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15. 1. 2009 15:35

Launch of Entropa, 15 January 2009, Brussels

Speech of Alexandr Vondra, Deputy Prime Minister for EU Affairs

Launch of Entropa, 15 January 2009, Brussels

Ladies and gentlemen,

Art is freedom.

Freedom of expression is a founding principle of democracy.

Art knows no boundaries.

The Czech Presidency motto is a Europe without Barriers.

This is a place where decorations change every six months. Since the very beginning we wanted our decoration to be creative. Creativity is a motor of progress and it is important: this is shown among others by the fact that 2009 is the European Year of Creativity and Innovation. At the same time we wanted the decoration to be an expression of artistic freedom in line with our motto a Europe without Barriers. We have created the space for freedom to speak for itself. Also we wanted to prove that twenty years after the fall of the Iron Curtain there is no place for censorship in Europe. We also wanted the decoration to be a joint project of 27 countries, not only a piece of marketing for the Czech Republic. That was our condition when we commissioned the project.

When we received the proposal for a joint project of 27 artists, we created the conditions for its realisation. The project which was then delivered by David Černý included the names of 26 other artists, each of them being the creator of his or her own country. Part of the deal was that any other costs relating to production of the project would be covered by the artist himself or private funds he would find. Only after the Entropa had been installed here we learnt, much to our surprise and dismay, that the participation of 27 artists was in fact a piece of misinformation. It was an unpleasant shock for us although the conceptual artist DC later apologised to the government and informed us that we did not use the Czech tax payers’ money appropriated for this project.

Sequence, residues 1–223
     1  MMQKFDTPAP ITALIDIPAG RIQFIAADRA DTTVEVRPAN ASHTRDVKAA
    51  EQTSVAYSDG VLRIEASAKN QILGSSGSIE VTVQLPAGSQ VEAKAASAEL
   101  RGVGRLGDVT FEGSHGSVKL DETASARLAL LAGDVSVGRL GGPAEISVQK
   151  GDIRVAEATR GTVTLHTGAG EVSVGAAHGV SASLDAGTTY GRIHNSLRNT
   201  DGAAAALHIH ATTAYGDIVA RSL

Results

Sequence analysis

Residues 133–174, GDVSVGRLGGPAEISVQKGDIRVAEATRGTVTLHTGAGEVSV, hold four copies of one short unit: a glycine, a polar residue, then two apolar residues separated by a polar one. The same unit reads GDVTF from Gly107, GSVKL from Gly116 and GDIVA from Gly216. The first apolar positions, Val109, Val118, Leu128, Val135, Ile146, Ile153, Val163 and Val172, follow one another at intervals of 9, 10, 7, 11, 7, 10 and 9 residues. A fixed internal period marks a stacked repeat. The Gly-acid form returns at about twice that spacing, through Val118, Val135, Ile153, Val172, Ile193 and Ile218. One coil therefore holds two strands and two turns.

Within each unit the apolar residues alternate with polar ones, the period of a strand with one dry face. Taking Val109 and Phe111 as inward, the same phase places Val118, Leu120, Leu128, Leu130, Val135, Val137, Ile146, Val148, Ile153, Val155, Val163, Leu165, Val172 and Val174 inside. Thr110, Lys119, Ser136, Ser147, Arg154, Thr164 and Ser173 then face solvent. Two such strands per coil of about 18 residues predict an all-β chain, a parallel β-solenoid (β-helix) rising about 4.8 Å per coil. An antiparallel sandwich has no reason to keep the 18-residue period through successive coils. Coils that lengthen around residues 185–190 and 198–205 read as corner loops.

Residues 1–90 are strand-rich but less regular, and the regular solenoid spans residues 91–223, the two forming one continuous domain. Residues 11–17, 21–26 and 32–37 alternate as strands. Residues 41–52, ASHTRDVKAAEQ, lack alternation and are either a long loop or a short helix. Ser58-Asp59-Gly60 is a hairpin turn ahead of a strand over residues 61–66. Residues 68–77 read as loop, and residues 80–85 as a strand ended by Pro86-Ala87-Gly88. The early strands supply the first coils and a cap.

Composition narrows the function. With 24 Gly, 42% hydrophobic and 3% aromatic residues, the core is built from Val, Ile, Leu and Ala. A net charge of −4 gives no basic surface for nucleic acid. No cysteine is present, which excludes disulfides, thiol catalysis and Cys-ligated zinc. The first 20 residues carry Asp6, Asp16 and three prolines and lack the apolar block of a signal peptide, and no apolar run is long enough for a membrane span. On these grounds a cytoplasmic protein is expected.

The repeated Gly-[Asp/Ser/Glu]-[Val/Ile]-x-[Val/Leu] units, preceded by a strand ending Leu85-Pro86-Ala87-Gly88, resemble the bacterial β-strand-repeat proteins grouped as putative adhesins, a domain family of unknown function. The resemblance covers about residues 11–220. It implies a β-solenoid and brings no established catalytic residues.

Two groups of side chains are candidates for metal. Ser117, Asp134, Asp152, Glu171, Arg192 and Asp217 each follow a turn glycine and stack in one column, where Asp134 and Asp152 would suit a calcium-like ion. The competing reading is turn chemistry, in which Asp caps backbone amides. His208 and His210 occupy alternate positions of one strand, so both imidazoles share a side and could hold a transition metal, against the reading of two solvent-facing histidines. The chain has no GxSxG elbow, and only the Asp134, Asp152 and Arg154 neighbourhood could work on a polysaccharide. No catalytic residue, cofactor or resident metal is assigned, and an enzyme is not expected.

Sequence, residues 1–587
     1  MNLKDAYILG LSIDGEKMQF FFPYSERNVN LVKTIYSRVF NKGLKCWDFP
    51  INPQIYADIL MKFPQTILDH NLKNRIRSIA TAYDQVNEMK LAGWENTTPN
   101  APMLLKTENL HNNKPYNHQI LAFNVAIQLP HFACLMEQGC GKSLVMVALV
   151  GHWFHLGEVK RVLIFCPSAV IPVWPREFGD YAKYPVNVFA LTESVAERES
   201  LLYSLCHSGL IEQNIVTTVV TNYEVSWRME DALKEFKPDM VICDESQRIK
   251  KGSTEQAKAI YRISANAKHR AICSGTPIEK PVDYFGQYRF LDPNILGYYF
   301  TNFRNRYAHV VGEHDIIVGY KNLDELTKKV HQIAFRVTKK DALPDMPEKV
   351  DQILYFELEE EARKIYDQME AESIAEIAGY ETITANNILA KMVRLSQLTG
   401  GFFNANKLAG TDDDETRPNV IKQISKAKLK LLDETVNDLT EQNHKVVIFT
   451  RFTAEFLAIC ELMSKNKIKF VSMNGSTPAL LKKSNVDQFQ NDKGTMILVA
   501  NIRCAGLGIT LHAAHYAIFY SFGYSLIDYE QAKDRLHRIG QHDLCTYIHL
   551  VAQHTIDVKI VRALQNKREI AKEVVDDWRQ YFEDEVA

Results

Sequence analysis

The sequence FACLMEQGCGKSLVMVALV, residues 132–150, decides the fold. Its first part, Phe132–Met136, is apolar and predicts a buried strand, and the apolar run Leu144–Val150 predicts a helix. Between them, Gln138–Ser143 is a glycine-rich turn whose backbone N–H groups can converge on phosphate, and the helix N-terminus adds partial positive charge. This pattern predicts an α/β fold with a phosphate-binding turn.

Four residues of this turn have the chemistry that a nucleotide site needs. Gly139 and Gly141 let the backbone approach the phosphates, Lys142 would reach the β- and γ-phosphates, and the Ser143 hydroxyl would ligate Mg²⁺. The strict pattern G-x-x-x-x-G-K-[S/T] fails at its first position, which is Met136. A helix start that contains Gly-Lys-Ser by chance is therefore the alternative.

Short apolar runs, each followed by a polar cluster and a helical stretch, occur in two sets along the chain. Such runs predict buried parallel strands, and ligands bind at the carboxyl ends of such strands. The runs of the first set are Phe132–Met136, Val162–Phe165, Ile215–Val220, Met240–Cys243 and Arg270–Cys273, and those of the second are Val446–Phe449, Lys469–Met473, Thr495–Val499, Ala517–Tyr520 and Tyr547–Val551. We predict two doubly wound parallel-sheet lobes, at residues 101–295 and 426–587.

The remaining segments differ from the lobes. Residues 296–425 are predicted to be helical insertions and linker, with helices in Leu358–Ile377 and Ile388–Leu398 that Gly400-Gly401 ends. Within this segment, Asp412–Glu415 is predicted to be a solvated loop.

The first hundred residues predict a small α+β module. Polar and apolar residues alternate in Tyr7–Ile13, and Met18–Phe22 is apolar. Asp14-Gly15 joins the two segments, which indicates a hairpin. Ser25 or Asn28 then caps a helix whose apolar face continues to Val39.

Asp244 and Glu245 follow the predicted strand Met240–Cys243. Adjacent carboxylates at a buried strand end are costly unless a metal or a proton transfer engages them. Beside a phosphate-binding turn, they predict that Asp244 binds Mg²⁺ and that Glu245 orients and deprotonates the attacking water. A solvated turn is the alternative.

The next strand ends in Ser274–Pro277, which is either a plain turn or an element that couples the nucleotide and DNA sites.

Entropa is just art – nothing more, nothing less. In the last two days it has raised rather positive reactions. People react as they usually do when they attend an art exhibition: they watch, they analyse, discussing not only their own country but also the others. The project depicts mainly stereotypes and clichés as barriers to integration and cooperation in Europe. By realising that these barriers are there, we can start removing them. Realisation of prejudice is a sine-qua-non condition for its elimination.

This piece of art has never been meant as the Czech Presidency vision of the EU or its Member States, and no matter how shocking the latest discovery might be, it does not change anything in this regard: this is not how the Czech Government or Presidency views the EU or any Member State.

Entropa is a provocation of a kind. I understand that some could feel offended and I would like to apologise to them. This does not just concern Bulgaria but any other member state. I would also like to apologise to all those whom I have unintentionally misled, among other media representatives and my colleagues from the Permanent Representation of the Czech Republic in Brussels. If Entropa was supposed to make fun of someone, that would be us, me in the first place. I accept the responsibility but we are not leaving the scene.

We gave opportunity to free expression and it is the artist’s responsibility how he will approach this free space. We consider Entropa to be a piece of art. Nothing more, nothing less. I hope we can agree on this with the rest of the European family. We hope we will be able to laugh with you – not at you.

Photographs from the official launch of Entropa can be found in photogallery.

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